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Vice Admiral William S. Sims, Commander, United States Naval Forces Operating in European Waters, to Admiral Sir Lewis Bayly, Commander, Southern Ireland

October 17th, 1918.

My dear Admiral,

     Things are really popping in great style. The military representatives of the War Council and the representatives of the Allied Naval Council have drawn up conditions which they thing [i.e., think] should be demanded in case an armistice is accorded. We are all standing by here in England for a call for a combined conference in Paris on these and allied subjects. I do not think there will be any other announcement from the Allies side until after the Allies have gotten together for discussion.1

     There is a mission leaving the United States, headed by Colonel House, and of which the Naval representative is Admiral Benson They are going directly to Brest on one of the big transports.2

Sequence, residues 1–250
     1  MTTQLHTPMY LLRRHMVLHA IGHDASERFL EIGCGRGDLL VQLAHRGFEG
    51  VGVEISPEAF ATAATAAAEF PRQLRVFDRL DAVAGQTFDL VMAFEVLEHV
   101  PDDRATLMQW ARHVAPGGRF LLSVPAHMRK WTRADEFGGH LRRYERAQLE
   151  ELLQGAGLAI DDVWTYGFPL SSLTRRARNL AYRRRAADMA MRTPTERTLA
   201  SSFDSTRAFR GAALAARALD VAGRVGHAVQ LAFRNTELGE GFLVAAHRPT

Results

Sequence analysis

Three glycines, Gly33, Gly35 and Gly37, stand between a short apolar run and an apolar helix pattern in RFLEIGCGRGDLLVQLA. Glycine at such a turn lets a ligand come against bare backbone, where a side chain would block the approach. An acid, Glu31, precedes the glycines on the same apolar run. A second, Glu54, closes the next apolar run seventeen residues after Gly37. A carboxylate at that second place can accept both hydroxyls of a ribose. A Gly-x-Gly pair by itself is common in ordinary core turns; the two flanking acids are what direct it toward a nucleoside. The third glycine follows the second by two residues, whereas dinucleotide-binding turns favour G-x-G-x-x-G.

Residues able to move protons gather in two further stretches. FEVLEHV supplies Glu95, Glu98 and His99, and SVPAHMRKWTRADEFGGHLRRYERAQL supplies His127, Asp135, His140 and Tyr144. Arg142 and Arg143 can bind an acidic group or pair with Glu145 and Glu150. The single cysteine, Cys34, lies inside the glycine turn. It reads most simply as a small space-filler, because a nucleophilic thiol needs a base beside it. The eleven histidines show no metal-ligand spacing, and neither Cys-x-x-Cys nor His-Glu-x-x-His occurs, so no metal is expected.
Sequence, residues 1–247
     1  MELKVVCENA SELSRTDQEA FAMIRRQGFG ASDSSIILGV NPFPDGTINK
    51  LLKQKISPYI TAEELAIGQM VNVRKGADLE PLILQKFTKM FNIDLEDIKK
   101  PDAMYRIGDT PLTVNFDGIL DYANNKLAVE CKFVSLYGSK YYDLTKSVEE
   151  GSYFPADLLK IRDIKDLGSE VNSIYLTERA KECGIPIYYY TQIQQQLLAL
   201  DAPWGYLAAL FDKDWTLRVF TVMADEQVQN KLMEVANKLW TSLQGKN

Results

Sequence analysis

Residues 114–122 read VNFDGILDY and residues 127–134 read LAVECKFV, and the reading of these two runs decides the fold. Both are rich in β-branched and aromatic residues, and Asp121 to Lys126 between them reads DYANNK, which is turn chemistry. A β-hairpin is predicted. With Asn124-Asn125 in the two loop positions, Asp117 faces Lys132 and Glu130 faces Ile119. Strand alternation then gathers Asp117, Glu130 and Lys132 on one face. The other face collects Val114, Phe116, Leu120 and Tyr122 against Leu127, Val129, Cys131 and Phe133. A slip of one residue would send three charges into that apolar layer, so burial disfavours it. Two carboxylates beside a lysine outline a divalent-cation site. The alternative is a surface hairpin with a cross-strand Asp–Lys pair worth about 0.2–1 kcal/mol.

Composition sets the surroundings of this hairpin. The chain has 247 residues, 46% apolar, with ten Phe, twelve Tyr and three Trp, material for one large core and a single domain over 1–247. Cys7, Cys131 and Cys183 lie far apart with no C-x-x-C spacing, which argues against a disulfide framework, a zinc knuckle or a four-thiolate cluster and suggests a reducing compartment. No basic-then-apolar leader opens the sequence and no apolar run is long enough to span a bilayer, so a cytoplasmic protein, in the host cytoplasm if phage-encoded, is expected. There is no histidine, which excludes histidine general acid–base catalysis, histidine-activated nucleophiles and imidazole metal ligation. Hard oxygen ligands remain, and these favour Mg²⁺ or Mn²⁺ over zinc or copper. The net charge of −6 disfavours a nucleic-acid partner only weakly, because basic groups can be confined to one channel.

Very sincerely yours,

Source Note: LT, DLC-MSS, William S. Sims Papers, Box 24. Addressed below close: “Admiral Sir Lewis Bayly, R.N.,/Admiralty House,/Queenstown.” Notation in top left-hand corner: “Admiral Sims/Personal File.” Document identifier in top right-hand corner: “1/3/J.”

Footnote 1: Sims’ brief summary here masked a series of exchanges, some of them quite heated, between Washington and the other allies over how an armistice should be arranged and what the terms should be. For a more on these exchanges, see Trask, Captains and Cabinets, 314-31.

Footnote 2: For more on the delegation headed by Presidential advisor Col. Edward M. House and including Adm. William S. Benson, see: Sims to Anne Hitchcock Sims, 15 October 1918.

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